Stick with 'make yourself' and 'market potential'; leave off the exotic fuel thinking--- I think you'll get farther, and almost assuredly live longer.

    That's my advice, anyway.
  13. Jun 4, 2008 #12
    I've enjoyed your post, thank you. :smile:

    Since you really seem to know chemistry, what about this one: Why won't plain diesel oil burn in those tiny engines? (they work by just compressing the fuel, which produces heat in an adiabatic change, which combined with an optional heating coil ignites the fuel - diesel cycle).
  14. Jun 4, 2008 #13
  15. Jun 6, 2008 #14
    Do you know what the compression is in these model-size diesel-cycle engines?

    Also, whether these are direct-injection or indirect-injection would tell me more...

    You see, I'm not sure that these engines flat-out will not run on diesel, but there's probably a specific problem these mixes of fuel are supposed to resolve. My best guess, especially with all that alcohol involved, is that it's there to thin the fuel enough to spray it properly in a very small injector. The other big reason alcohol is added to diesel, though, is to make it ignite at a lower compression.

    Both of those would amount to overcoming problems with getting straight diesel fuel to ignite or burn properly in such a small engine. What I meant by saying I'm not sure they can't do it is that you could almost certainly engineer out whatever the problem is without modifying the fuel, if that were important to you... If the problem is too-low compression, then I would guess it's not higher because of the metals they're using-- if the cylinders and heads are aluminum, for example, they might think normal diesel compression is too much for such small bits of aluminum. If that is the case, one could always make the parts out of titanium, let's say, or tool steel--- they did what they did because of the compromises that were important to them (I would guess light weight and high power over everything else; sacrifice anything neccesary for power-to-weight ratio).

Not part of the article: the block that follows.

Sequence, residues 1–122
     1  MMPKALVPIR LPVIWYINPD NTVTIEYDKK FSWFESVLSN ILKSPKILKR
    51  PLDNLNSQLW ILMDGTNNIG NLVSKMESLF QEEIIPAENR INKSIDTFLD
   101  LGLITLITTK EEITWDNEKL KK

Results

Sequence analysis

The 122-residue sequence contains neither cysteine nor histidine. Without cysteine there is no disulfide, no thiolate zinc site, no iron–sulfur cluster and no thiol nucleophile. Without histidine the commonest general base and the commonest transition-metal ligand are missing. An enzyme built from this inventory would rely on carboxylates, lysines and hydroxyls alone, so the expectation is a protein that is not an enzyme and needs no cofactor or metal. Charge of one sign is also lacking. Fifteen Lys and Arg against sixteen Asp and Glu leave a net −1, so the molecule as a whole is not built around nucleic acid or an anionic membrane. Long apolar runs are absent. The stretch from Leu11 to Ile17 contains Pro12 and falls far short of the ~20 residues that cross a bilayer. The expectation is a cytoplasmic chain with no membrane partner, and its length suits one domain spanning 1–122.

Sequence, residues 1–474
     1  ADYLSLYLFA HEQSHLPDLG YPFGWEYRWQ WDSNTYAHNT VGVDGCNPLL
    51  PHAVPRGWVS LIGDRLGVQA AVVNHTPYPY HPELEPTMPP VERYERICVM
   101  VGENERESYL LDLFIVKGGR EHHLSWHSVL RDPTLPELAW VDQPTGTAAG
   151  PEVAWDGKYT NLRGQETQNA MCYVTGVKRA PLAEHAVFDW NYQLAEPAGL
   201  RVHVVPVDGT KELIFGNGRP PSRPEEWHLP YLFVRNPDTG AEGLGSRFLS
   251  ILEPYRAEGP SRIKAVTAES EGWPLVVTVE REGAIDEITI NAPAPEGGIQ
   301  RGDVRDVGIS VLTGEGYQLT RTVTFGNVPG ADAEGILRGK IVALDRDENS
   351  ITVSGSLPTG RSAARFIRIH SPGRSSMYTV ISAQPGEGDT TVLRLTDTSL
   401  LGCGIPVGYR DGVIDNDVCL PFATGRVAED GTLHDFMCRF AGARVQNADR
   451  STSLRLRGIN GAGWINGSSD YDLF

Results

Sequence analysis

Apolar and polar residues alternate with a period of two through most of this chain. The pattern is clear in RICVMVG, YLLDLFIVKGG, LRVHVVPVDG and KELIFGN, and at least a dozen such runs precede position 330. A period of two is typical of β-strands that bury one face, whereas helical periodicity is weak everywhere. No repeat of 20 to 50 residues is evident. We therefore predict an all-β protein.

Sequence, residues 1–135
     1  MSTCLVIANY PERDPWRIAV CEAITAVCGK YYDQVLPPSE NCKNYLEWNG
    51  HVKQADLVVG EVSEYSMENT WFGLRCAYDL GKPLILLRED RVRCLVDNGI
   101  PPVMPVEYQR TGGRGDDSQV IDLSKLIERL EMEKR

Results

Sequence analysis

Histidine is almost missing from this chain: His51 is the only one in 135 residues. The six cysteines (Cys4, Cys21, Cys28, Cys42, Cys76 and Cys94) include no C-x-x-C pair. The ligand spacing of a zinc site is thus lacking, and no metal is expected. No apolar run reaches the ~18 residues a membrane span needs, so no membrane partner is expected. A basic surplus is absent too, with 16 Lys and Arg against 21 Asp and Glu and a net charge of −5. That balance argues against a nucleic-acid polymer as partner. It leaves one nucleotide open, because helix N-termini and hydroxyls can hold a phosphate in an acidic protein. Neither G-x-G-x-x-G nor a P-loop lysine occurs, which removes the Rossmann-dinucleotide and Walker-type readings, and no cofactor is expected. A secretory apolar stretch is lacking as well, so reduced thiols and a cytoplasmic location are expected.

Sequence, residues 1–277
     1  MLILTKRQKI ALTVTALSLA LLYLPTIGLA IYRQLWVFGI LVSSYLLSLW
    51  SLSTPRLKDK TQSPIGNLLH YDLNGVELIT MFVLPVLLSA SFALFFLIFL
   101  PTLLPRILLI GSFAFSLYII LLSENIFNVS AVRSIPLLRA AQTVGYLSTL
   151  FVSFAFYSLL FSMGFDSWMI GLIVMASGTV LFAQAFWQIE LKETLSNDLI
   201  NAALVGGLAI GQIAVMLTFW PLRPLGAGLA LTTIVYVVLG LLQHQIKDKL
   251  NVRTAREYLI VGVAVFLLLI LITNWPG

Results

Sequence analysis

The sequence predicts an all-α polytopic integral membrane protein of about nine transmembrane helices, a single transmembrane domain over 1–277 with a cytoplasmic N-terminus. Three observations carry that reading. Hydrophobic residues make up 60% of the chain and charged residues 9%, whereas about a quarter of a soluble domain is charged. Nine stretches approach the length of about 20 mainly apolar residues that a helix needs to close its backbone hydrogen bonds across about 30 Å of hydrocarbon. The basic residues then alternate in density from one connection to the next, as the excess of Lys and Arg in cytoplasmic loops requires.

If the injector were the crux of the matter, or the fuel pressure, those could be engineered around as well; but you can see why the model people might not be willing to have a fuel system as big as the motor itself, if that's what's required--- but you might be completely comfortable with that in your own application.

    It should be noted that when it comes to a simple, typical recriprocating-piston engine, especially a single-cylinder or twin, that there's not a lot of difference between diesel, gasoline, alcohol, straight vegetable oil, producer gas... the motor itself is largely the same-- for some you would require a spark to fire them; for some you would not. Other than that, it's mostly what you'd call 'tuning' that determines which fuel will burn--- questions of timing, advance, compression, and fuel-air mixture. A diesel, for example, can be run on mixtures of gasoline, petroleum diesel, kerosene, alcohol, biodiesel, waste vegetable oil, straight vegetable oil, or waste petroleum oil--- a very simple diesel engine won't care much which of these are present or how much; so I'm sure you can imagine how fuels can be messed around with and still work. I know of a guy who uses untreated sunflower oil to power every diesel engine in his life, and he cuts it about 10% with regular pump gasoline to thin it out to the consistency of #2 diesel; and apparently, he gets great results with it.

    All that's neccesary to make a gasoline engine run alcohol, on the other hand, are modifications to compression, timing (when the spark fires), and possibly fuel-air mixture. Specifically, you'd increase the compression, advance the spark, and I would guess run a bit leaner than you would with gasoline.